Linux Kernel 2.6.11 Supports InfiniBand

The Linux world is bracing for the final release of the new
Linux 2.6.11 kernel, which will include a long list of driver updates
and patches, with InfiniBand support perhaps being one of most interesting
new additions.

Late last night, Linux creator Linus Torvalds issued the fifth release
candidate for the 2.6.11 kernel. The first 2.6.11 RC was issued on Jan. 12; the second on Jan 21; the third on Feb. 2; and the fourth on Feb. 12.

In the RC5 posting, Torvalds indicated that it was likely
the last RC before the final release.

“Hey, I hoped — rc4 was the last one, but we had some laptop
resource conflicts, various ppc TLB flush issues, some possible stack
overflows in networking and a number of other details warranting a
quick — rc5 before the final 2.6.11,” Torvalds wrote.

“This time it’s really supposed to be a quickie, so people who can, please check it out, and we’ll make the real 2.6.11 asap.”


The long list of updates in the 2.6.11 kernel includes architecture updates for x86-64, ia64, ppc, arm and mips, as well as updates to ACPI , DRI (Direct Rendering Infrastructure, which permits direct access to graphics hardware for X Window System users), ALSA (Advanced Linux Sound Architecture, which provides MIDI and audio functionality to the Linux), SCSI and the XFS high-performance journaling filesystem.


The 2.6.11 kernel will also be significant in that it includes driver
support for the InfiniBand interconnect architecture.
InfiniBand, which is derived from its underlying concept of “infinite
bandwidth,” is a switched fabric interconnect technology for high-performance
network devices that is common in a number of supercomputer clusters.


The upcoming inclusion of InfiniBand support in the Linux kernel is a major
step according to the InfiniBand Trade Association.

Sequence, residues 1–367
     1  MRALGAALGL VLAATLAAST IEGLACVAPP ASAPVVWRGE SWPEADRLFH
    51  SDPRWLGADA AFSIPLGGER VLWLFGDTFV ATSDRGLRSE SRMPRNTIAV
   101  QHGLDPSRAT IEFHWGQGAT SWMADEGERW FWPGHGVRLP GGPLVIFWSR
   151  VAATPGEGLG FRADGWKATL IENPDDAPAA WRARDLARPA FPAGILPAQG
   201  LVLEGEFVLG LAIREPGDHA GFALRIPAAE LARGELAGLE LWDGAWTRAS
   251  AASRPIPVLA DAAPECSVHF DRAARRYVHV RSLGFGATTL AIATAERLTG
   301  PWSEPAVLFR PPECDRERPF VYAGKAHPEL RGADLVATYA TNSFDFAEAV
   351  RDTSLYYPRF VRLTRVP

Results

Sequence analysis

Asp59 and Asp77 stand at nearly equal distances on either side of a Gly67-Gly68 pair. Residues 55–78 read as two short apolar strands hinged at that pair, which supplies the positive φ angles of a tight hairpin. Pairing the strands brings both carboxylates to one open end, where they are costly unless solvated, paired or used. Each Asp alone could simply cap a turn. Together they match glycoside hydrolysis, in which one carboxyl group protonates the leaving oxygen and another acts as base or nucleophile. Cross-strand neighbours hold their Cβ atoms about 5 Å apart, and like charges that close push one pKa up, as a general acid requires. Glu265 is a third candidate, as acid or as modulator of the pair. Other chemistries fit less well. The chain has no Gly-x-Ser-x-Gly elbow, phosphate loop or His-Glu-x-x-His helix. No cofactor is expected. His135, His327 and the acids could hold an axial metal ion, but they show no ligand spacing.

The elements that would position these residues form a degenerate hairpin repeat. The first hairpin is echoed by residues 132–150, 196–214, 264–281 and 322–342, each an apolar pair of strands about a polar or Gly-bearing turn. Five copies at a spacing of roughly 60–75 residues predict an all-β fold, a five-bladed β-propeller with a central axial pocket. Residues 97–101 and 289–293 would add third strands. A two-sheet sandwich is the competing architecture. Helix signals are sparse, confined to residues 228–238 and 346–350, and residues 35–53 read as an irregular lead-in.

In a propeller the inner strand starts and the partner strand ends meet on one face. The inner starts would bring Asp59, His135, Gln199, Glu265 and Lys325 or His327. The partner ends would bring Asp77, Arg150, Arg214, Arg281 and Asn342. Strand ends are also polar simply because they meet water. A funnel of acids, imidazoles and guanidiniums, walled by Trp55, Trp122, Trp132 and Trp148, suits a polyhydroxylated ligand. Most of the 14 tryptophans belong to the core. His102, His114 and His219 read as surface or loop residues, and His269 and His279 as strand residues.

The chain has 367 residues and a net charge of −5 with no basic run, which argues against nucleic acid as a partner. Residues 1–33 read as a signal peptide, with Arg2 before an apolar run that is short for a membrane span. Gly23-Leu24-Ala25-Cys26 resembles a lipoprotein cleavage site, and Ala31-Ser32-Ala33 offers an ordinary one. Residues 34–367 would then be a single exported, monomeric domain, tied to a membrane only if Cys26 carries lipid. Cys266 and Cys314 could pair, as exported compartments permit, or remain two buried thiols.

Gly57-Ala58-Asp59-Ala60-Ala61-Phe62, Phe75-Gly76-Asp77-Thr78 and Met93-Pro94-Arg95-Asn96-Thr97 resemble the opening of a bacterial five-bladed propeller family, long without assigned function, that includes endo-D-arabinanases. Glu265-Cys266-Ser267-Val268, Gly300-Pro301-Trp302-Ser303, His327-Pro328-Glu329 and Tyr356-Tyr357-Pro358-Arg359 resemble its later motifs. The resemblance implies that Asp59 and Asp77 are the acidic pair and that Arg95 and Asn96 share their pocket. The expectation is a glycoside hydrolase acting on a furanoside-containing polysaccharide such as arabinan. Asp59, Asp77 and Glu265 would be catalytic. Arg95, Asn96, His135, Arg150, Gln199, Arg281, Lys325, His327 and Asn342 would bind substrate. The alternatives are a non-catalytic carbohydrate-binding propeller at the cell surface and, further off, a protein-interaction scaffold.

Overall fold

“The inclusion of InfiniBand drivers in the upstream Linux kernel is a
significant milestone,” Ross Schibler, CTO of InfiniBand vendor Topspin Communications, told internetnews.com.

InfiniBand support was available previously in various Linux distributions,
but it wasn’t part of the mainstream kernel.org Linux.

“This now means that anyone that downloads a kernel will have automatic
access to the software,” explained Schibler. “It also means that any
upcoming distributions (Red Hat, SUSE, etc.) will have the software included
on their CDs. Previously SUSE had it on a distribution, but only in the
‘unsupported’ directory.”


Schibler sees the inclusion of InfiniBand as a testament to the maturation
of the technology.


“Now that the technology has matured to such a point that Linus has accepted
it into the kernel, the way is paved for greater distribution of the code
and accelerated deployment of the technology,” Schibler said.


The previous Linux kernel.org release, version 2.6.10 was issued on
Dec. 24 after two release candidates. Linux distribution began including the 2.6.10 thereafter with Red Hat’s Fedora Project being one of the first.

Fedora Core 3 initially shipped with the 2.6.9 kernel and then upgraded to the 2.6.10 kernel on Jan 13. Mandrakelinux’s 10.2 Beta 3 also includes the 2.6.10 release. SUSE Linux 9.2 currently includes the 2.6.8 kernel.


Including the most recent kernel into a distribution is not a particularly
easy task. The upcoming Debian, code-named Sarge, will only ship with the 2.6.8 kernel. In a release update e-mail, Debian Sarge release manager Andreas Barth related that a meeting was recently held to review the status of which kernel they would include.


“The team leads involved eventually decided to stay with kernel
2.6.8 and 2.4.27, rather than bumping the 2.6 kernel to 2.6.10,” Barth
wrote. “This decision was made upon review of the known bugs in each of the
2.6 kernel versions; despite some significant bugs in the Debian 2.6.8
kernel tree, these bugs were weighed against the additional delays that a
kernel version bump would introduce in the schedule for
debian-installer RC3.”


“As it happens, preparing 2.4 and 2.6 kernels with the security fixes for
all architectures took roughly two months from start to finish, during which
time preparation of the next debian-installer release candidate has been
entirely stalled,” he added.

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